I dont agree with that at all. What happens in a manual machine often had little relevance in the CNC world. Especially with modern cam software. Give it parameters for the material and tooling and it will handle feeds and speeds. And simulation will show you what you will get.
    That's true, but if you have no manual machining experience, how do you know which parameters to select. The feed and speed parameters given in a modern CAM system are only a place to start.

  4. #14
    Join Date
    Apr 2010
    Location
    Canada
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    Although fairly standard, G codes are also specific to a particular type of machine, Mills, Lathes, Plasma, Punch all have there own versions.
    In the case of M codes, these are written at the discretion of the MTB and can vary between the same machine types, so the MTB manuals are needed for the M code assignments.
    +1 on the Peter Smid book.
    Max.

  5. #15
    Join Date
    Jan 2012
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    In my class we are using the CNC Programming Handbook, Third Edition by peter smid, and think it is a pretty good book. Something to consider.

  6. #16
    Join Date
    Aug 2006
    Location
    Beaverton, OR
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    Quote Originally Posted by Steve Seebold
    That's true, but if you have no manual machining experience, how do you know which parameters to select. The feed and speed parameters given in a modern CAM system are only a place to start.
    You can also use the manufacturers data for the tooling to fine tune it. CNC is more science and less guess work than people are lead to believe.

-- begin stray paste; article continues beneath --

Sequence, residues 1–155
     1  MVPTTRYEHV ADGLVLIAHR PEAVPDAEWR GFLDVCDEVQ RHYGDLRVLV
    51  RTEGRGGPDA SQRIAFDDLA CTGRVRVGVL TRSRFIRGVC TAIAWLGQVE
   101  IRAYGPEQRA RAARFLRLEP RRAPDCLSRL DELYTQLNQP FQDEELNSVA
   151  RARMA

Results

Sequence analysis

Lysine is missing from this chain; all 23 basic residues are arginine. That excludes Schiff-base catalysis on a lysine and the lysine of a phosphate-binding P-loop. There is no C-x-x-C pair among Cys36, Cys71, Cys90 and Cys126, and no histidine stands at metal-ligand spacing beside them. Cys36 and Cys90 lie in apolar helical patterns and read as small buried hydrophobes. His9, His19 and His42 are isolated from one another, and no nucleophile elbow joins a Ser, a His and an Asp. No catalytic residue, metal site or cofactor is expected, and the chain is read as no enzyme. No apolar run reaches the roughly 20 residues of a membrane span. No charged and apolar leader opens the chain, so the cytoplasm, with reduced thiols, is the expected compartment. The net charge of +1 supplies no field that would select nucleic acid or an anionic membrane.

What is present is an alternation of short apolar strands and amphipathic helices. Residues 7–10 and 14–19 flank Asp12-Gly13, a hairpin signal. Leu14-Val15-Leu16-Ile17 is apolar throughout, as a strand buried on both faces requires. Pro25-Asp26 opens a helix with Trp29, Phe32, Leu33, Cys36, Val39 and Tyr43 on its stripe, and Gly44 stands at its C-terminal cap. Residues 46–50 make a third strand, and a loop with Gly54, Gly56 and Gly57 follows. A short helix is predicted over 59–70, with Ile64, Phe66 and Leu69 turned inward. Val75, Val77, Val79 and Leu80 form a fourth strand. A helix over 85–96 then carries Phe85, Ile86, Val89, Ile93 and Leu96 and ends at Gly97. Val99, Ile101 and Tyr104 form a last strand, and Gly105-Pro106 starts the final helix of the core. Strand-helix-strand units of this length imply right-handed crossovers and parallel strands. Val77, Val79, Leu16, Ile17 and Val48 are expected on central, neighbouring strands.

7. #17

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    the Tormach sight has a m/g code section . it has about all the info you need and examples . probabaly the best /simple direction ive seen

  8. #18
    Join Date
    May 2009
    Location
    San Clemente, CA
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    You can also Google G and M codes.

  9. #19
    Join Date
    Jan 2010
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    128

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    Thanks JEZX!

  10. #20
    Join Date
    Jan 2010
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    Well, Monday we started learning G&M code in class; yesterday I finished up my first three programs, and today I made two of the three parts. . .machining the third part tomorrow. The code is actually pretty easy and straight forward; there are a few intricacies as far as the order of the code or when a specific code needs to go before or after something else. I had to play with my tool offsets a little. . .especially after I figured out that the little Emco lathes we're learning on can't handle the .030 depth of cut (on the radius) and 0.010 feed rate that I thought that they could and my turret moved on me. After I figured out the offsets and the correct DOC and feed for the equipment I was getting my parts under .001"!

    Pretty cool actually and I can see now why if I had the money I would want a CNC in my shop. . .frees me up to do other things while the CNC is doing it's job.

    I'm starting my mill programs on Monday. . .should be just as fun, I hope!